Swedish Stirling AB’s container-based energy recycling solution is taking off in South Africa’s ferrochrome sector, with two of the largest producers on board with the technology.
Based close to Gothenburg, Swedish Stirling Group is a clean tech company with a mission to scale up the conversion of thermal energy to electricity.
It is the company’s latest product – the PWR BLOK 400-F – that is finding favour in South Africa. This is a unique proprietary solution that uses Swedish Stirling’s Stirling engines for recovering energy from industrial residual and flare gases and converting them to 100% carbon-neutral electricity at a high rate of efficiency, according to the company.
The PWR BLOK 400-F contains 14 Stirling engines and delivers a net output of 400 kW.
Citing an independent certification, Swedish Stirling says the PWR BLOK is the cheapest way to generate electricity that exists today, yielding greater CO2 savings per Euro invested than any other type of energy.
Ferrochrome is renowned for being an energy-intensive process and load shedding is a common practice in power-constrained South Africa, hence the reason why it has been one of the frontrunners in adopting this technology.
Swedish Stirling explained: “Many industrial applications produce by-products in the form of gases (residual gas) that are currently burned without harnessing its energy content. Several solutions have been tried to recycle the energy in the gases.
“In the ferrochrome industry in South Africa, producers have tried to recover the energy using internal combustion engines, gas and steam turbines, but all solutions have failed. The reason is usually that the gas is of such uneven quality that most engines with internal combustion don’t work, or the technical solutions are extremely costly.
“The Stirling engine, on the other hand, is, due to its external combustion, almost insensitive to the type of gas that is burned or the quality of the gas in question. Therefore, it is now possible to start converting these residual gases into climate-smart electricity with PWR BLOK.”
And, this is exactly what is happening.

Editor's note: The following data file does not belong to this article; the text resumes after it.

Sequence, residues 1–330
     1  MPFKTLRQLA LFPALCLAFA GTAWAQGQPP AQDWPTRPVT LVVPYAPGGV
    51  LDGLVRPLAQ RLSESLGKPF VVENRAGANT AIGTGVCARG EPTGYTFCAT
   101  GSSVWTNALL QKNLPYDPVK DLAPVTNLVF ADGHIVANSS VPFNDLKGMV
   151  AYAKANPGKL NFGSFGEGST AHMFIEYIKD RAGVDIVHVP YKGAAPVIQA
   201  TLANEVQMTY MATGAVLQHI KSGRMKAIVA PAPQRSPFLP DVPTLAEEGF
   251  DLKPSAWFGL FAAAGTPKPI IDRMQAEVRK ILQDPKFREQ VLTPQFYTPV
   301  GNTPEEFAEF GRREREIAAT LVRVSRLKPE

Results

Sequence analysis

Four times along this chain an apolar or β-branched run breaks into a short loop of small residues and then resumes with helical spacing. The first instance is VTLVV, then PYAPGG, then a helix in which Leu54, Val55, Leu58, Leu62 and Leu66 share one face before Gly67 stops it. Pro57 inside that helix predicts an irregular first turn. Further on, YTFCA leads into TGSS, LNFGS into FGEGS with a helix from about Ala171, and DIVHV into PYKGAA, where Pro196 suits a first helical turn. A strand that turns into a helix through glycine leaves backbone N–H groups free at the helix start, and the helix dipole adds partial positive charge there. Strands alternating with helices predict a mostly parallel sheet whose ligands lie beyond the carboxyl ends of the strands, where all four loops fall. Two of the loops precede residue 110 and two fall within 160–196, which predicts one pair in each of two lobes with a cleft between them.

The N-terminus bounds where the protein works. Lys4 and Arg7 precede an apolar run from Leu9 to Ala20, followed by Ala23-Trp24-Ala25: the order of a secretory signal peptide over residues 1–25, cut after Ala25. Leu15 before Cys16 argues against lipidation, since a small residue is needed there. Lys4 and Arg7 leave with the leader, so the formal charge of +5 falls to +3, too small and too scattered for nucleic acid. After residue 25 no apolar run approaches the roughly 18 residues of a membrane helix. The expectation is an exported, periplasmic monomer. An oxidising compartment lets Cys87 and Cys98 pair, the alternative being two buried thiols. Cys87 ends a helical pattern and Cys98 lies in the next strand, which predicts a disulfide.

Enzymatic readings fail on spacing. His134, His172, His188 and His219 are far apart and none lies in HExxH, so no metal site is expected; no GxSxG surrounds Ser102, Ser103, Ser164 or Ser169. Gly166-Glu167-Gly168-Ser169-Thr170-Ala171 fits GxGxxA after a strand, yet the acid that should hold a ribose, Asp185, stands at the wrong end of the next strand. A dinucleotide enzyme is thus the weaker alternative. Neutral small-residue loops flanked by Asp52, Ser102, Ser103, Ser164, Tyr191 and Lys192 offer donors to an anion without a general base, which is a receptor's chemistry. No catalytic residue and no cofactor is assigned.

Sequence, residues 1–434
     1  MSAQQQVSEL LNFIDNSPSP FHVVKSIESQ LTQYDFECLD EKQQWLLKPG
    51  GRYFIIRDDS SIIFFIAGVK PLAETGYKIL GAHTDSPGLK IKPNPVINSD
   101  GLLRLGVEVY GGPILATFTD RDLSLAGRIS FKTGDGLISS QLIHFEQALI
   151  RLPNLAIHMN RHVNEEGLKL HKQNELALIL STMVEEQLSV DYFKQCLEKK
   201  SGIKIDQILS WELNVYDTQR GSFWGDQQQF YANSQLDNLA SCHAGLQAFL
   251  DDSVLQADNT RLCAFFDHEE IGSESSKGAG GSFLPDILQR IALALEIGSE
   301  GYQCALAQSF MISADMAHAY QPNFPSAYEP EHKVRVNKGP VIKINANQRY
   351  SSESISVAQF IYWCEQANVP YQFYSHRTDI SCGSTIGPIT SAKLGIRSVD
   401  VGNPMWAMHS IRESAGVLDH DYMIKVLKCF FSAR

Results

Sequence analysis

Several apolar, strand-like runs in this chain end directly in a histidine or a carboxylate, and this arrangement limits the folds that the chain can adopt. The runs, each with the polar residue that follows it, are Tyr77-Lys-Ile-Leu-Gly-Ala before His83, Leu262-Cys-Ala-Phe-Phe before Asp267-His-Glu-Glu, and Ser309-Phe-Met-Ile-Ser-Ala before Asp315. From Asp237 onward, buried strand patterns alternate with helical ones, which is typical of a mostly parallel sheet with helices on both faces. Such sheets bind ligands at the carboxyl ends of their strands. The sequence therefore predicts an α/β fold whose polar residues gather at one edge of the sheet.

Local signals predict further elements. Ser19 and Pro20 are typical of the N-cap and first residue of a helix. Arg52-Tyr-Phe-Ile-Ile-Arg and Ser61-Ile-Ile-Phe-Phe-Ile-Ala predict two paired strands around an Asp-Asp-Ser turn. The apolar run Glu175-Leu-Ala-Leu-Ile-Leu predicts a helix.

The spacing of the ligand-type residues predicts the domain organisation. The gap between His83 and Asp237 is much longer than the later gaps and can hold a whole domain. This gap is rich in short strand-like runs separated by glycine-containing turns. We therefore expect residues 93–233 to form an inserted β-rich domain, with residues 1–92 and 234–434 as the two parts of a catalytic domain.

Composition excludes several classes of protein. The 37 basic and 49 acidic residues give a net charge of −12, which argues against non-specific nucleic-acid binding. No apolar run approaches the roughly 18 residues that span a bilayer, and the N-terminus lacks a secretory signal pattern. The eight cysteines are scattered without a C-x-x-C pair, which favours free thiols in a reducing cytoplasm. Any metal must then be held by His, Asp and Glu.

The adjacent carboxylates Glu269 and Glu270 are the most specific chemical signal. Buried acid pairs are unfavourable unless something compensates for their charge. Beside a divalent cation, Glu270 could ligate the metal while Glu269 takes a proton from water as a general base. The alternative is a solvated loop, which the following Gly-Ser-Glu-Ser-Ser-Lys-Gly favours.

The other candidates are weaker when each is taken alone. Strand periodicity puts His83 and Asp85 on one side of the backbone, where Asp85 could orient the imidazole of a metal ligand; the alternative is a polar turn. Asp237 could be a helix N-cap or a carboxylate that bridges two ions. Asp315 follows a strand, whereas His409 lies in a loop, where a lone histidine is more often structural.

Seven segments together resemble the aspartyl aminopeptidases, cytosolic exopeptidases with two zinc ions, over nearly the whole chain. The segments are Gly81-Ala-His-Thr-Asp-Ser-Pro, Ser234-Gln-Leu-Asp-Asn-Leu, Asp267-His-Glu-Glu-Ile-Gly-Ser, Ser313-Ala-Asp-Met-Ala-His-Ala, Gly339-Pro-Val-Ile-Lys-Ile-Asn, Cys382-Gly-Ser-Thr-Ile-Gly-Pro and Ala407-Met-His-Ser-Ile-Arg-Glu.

After installing a test PWR BLOK at Afarak Mogale’s smelter in South Africa over a year ago, the company has sealed contracts with Glencore and Samancor.
In the recent March quarter results, Swedish Stirling CEO, Gunnar Larsson, said: “Together, these (companies’ output) account for over 90% of the entire market in the country. This gives us a solid base for a wider-scale roll-out of the PWR BLOK in South Africa in the coming years.”
The agreement with Glencore will see it install and deliver up to 25 PWR BLOKs, generating 9.9 MW, to the Lydenburg smelter, while Samancor has signed up for a pilot facility with one PWR BLOK unit at the TC Smelter facility.
The company also, earlier this year, arranged a tour of the Mogale smelter for interested parties to spur further enquiries.
While the spread of COVID-19 has somewhat affected the company hitting its deadlines for these projects, it made progress with the Samancor delivery early last month, confirming that, after spending a number of weeks on a ship in Durban Harbour during the COVID-19 lockdown in South Africa, a PWR BLOK 2 unit was unloaded for transport to Samancor’s TC Smelter (pictured).
The company still hopes to install and commission the facility at TC Smelter during the June quarter as planned.
The agreement with Glencore’s Lydenburg smelter, meanwhile, could see carbon dioxide emissions from the smelter reduce by more than 80,000 t/y, due to the reduced need for purchased electricity, Swedish Stirling previously said.